Grow Massachusetts!

This week in your Massachusetts garden & landscape

Week of September 26, 2016 By Ron Kujawski

There was frost on the pumpkin – and other surfaces – in some areas of the state this past weekend. While it is true that certain tender plants were damaged, it has been somewhat disheartening to hear several people proclaim that the gardening season is over.  That is hardly the case. Cooler temperatures, the prospect for precipitation, and plant sales at retail garden centers and nurseries make this an ideal time to plant deciduous trees and shrubs. In addition, it is a good time to transplant non-evergreen shrubs that may need to be moved. Though shoot growth is not likely to occur now since these plants are going dormant, root growth and development will continue almost up to the time that the soil freezes.

There’s also plenty of time left to make additional plantings in the vegetable garden. Leaf lettuce, spinach, and radishes are among the cool season crops which grow well in fall. The growing season for these hardy vegetables may even be extended further by growing then under the protection of cold frames and row covers.


In addition to planting, there are these tasks to remind you that the gardening season is far from over:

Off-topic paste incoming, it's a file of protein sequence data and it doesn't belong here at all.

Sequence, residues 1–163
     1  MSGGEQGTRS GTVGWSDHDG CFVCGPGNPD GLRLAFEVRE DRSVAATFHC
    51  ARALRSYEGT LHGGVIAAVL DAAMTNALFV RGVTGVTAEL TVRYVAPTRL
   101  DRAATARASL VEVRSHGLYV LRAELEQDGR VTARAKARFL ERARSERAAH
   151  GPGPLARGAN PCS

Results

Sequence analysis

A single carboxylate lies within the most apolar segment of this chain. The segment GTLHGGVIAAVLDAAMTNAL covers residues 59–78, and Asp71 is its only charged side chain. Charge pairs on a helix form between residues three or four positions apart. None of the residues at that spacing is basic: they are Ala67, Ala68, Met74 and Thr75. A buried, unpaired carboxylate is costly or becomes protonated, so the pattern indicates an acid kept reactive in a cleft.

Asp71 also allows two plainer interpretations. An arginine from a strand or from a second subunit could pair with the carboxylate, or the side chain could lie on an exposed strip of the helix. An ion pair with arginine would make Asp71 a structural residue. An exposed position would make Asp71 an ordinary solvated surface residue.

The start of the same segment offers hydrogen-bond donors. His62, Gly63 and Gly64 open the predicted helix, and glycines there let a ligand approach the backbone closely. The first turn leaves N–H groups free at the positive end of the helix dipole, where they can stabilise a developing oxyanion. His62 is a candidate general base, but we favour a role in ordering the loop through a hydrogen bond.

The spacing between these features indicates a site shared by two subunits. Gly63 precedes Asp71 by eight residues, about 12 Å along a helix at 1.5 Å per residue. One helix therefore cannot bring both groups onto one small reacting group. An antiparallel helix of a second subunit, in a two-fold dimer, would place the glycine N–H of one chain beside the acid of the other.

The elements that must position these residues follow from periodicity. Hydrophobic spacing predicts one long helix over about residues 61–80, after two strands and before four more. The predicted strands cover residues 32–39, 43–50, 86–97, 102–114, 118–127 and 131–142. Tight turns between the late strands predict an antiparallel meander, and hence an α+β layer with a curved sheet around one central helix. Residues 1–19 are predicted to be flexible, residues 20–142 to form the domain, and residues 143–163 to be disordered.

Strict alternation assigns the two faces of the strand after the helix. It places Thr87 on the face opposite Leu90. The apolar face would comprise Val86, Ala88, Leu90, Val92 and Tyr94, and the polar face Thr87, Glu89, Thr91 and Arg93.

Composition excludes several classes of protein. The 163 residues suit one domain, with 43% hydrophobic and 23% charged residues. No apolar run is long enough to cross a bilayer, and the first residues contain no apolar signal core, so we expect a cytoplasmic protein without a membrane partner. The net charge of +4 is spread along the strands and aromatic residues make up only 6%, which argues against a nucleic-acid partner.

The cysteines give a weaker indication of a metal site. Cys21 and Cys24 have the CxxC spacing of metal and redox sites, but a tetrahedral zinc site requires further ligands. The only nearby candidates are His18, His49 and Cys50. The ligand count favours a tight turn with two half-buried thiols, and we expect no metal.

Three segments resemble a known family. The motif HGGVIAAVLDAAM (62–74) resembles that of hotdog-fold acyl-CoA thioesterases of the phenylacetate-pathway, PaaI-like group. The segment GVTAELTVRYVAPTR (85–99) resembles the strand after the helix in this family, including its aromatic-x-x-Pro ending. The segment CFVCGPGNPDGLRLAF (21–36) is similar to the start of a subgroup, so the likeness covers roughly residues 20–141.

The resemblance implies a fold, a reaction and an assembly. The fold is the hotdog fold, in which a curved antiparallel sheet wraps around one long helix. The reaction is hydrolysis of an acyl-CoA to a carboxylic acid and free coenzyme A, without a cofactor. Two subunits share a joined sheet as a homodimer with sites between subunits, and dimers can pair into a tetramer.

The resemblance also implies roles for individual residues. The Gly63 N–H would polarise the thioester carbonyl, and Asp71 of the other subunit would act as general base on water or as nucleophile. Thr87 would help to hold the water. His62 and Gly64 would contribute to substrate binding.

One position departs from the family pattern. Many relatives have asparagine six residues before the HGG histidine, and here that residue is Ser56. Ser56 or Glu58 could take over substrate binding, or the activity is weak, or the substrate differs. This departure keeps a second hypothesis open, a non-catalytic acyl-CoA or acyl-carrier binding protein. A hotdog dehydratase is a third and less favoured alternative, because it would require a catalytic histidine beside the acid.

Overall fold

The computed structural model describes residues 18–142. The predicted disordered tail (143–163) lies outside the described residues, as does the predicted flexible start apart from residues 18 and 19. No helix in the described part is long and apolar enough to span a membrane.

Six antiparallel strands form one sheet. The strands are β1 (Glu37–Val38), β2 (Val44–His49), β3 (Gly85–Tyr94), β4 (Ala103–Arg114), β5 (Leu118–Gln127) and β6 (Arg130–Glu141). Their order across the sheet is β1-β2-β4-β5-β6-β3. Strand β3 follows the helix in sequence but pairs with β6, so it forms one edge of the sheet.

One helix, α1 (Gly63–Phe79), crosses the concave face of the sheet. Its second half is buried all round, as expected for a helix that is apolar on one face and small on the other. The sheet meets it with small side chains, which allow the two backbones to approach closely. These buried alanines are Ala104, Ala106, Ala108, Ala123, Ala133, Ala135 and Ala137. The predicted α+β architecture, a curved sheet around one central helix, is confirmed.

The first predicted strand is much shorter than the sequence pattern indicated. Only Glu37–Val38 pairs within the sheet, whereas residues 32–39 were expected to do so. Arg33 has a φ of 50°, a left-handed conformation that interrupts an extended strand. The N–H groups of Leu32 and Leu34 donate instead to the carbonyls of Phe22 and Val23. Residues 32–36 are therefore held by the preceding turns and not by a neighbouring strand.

• Plant peonies so that the uppermost buds or “eyes” on the tuber are no more than two inches below the soil surface.  Do this carefully because those “eyes’ will be watching you.
  • Add a handful of crushed clam shells to the hole when planting tulip and crocus bulbs.  The sharp shells will discourage voles and other critters from digging up the bulbs.
  • Spread a little lime and some composted or aged manure around the base of clematis vines.  These classy plants love a high pH or sweet soil.  If you have sweet autumn clematis, you are probably enjoying a superb display of flowers now.
  • Renew mulches around trees and shrubs.  Rake the surface of the existing mulch and then add a thin layer of new mulch, preferably of the same type of material.  The total depth of old and new mulch should not exceed three inches, nor should any of the mulch be placed in contact with the trunks of trees and shrubs.
  • Turn under remnants of vegetable crops to a depth of six inches or so. The vegetation will decompose and contribute organic matter to the soil. Also, most disease-causing organisms that infected any of these crops this year will die when worked into the soil.
  • Pick up windfalls and over-ripened fruit that have fallen on the ground.  Yellow Jacket and other wasps change their dietary preferences from meat to sweet at this time of year.  Sugary food items are very attractive to these stinging critters.

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